Several things always strike me during these clinics.  One is how many people suffer with ailments so easily treated.   We see people who have been ill or in pain for a long time.  A dose bag of ibuprofen or amoxicillan puts a quick end to the suffering.  Which brings me to the second point.  There are so many people who cannot afford the medicines they desperately need.  Sometimes it is as simple as hemorrhoid cream for a taxi driver (if you have ever had a hemorrhoid you know how crucial treatment is especially if you spend 12+ hours a day driving) and other times as serious as a diabetic or heart patient with no meds.  Medications are inaccessible for many people.  For example, you can purchase 2 Tylenol for 2 lempira (approx. 10 cents) at a local pulperia (convenience store) but even this is more than so many people can afford.  You can only imagine what an entire bag of medications mean to their health and their spirits.  We saw a number of children, as young as 7, who came alone to see the doctor.  Most likely their parent(s) work but sent the child.  School was out of session so often parents have no option except to leave small children at home unattended.  I had to fight back tears as I was explaining to a  solemn 7 year old how to take the bag full of meds (including antibiotics) that the doctor had prescribed.  "Take one of these 2 times a day. This one, 2 tablets every 4 hours as needed.  I teaspoon when necessary.  Chew only one vitamin every day. Take one of these three times a day."  I can only hope the meds got home to a parent who could figure out all the instructions.

Another gift the doctors give to their patients is attention.  They smile at them, listen patiently to their ailments, take notes, and then provide detailed explanations of the ailment and treatment prescribed.  Many patients exclaim that this is the first time they have understood what is wrong with them or why they are taking certain medications.  If you read an older blog, In God We Trust, you know how important it is to be listened to, to be seen, to be loved...because it is clear that the doctors and the entire brigade team love each person there.

Cortisone shots

Each day, in the morning,  we plan on  leaving the clinic site at 4:30.  Every day we actually leave the clinic site at about 5:30.  There is always one more sick baby, or sick anciano, or sick adult who just got off work...This is the hardest thing of all, turning the last few people away.  We leave that up to the local volunteers but our hearts are heavy knowing what is happening outside.  The team is exhausted and we have more work at Casa LAMB to prepare for the next day.  It is getting dark and our clinic sites are not well lit so we really just have to stop.  Lord, watch over those of your children we cannot see.  Provide for them, heal and comfort them.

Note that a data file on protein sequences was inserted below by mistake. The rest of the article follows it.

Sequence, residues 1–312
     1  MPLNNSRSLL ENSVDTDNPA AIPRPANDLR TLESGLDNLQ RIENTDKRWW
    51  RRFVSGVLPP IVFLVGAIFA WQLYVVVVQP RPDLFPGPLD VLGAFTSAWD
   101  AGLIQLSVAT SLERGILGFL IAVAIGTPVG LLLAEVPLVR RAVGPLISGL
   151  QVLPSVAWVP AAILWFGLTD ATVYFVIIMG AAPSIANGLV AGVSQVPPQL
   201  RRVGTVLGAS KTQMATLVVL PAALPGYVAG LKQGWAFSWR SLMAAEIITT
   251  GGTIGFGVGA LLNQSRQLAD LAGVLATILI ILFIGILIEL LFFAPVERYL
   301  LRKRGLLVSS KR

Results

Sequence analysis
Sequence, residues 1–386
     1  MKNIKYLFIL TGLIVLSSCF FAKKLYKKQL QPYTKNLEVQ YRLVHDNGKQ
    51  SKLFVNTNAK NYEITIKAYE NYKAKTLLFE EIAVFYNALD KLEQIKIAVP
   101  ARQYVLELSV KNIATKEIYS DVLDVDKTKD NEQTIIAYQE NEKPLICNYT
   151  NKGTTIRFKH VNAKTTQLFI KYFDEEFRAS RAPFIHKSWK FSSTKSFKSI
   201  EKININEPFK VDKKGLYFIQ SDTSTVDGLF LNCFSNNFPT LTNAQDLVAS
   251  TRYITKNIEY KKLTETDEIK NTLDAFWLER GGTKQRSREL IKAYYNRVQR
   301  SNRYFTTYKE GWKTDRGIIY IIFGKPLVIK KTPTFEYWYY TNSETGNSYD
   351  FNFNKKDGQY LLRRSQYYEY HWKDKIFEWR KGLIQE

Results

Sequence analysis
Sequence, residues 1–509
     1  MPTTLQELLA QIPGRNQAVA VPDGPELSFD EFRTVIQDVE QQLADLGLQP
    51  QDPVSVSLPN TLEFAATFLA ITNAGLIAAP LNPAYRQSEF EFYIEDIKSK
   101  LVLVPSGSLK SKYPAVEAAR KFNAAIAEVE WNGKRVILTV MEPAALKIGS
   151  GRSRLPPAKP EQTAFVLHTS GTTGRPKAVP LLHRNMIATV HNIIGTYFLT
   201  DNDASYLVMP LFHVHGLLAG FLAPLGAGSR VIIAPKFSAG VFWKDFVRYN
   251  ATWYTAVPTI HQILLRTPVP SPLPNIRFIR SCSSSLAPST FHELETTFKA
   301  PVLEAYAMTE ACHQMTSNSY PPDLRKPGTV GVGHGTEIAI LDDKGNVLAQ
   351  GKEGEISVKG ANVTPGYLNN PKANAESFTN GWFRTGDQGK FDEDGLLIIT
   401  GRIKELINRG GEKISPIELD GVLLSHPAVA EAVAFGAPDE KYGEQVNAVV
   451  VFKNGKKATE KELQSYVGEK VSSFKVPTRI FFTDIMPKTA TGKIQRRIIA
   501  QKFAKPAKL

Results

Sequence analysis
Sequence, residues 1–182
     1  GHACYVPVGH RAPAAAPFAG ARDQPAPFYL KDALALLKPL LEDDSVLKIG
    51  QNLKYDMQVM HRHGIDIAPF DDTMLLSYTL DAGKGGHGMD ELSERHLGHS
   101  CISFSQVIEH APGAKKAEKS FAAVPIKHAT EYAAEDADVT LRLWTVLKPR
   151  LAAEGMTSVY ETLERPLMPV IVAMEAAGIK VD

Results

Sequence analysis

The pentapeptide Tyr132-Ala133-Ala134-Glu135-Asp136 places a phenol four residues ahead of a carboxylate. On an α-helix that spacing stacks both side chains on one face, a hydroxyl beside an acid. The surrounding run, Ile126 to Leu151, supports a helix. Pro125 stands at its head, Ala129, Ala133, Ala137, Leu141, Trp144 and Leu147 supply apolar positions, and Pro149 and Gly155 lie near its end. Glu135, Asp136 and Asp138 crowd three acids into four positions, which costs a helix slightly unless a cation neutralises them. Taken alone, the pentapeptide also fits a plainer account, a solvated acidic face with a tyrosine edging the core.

After two days at Pastor Felix's church, transformed into the medical clinic, the team moves on to Flor del Campo.  The soccer court atop the El Cordero school has been transformed into the next clinic.  It is the same drill the first morning with different but efficient local volunteers, including some of the Alonzo Movement kids.  Our first patients are the children from the daycare.  All of them sit on the floor at the foot of the doctor (in this case, Dr. Laurie Harrell) with their caretakers providing the medical history for each one.  We also see the LAMB employees and their families, the CAP ladies, and other people involved in our ministries first.  Of course, there are many from the community seen too.

This brigade team included 4 men who came along to paint the entire El Cordero school and the offices in Flor!  It was great to be in the same place with them, to admire their work, and to share stories with each other.  Several Alonzo Movement boys were helping them paint. We laughed at the horror of one of our painters as he saw an Alonzo boy standing on the ledge of the balcony on the other side (the wrong side!) of the fence overlooking the concrete floor below.   

We also had a prayer team in house. One of the members is a doctor who saw patients on the second day in Flor.  The other 2 prayer team members, a father and daughter, would pray intensively for individual patients.  Another unexpected gift for several of God's children.

After two days in Flor, we headed up to Colonia Emanuel.  Col. Emanuel is an impoverished village in the mountains about 1 hour's drive away.   You pray for no rain because the dirt roads are difficult in the best of weather but treacherous in the rain.  (Yep, it rained both days we were there.)  This time we set up in a small house that had been completely emptied for our use.  We had two doctors, a dentist, the photo and eyeglasses station, registration, and pharmacy in there and not an inch more room!  The house is made of a single layer of 2x4s with a tin roof (that has only a few leaks in it) and a concrete floor.  Each room has a single, bare lightbulb and an open space built into the wall as a window.  No glass or screens.  The people in Col. Emanuel are much sicker than the other locations.  I can only assume it is because they have little access to medical care in between brigades.   There were so many sick babies -- infections, rashes all over their little bodies, vomiting, diarrhea, fevers... Lots of need for antifungal cream, too.   We ate lunch in the little church.  One room, dirt floor, sacred space given over to us for some rest and food.  Well, us and 500 flies...

So, there you have it.  Months of preparation in the US, Casa LAMB, and each clinic location.  2 days in each place.  Approximately 1300 people seen, treated, photographed, smiled at, prayed for, and loved.  Next year's brigade already scheduled.  16 exhilarausted people back in the US sharing the good news of being Jesus to so many in Honduras. 


  Thanks be to God.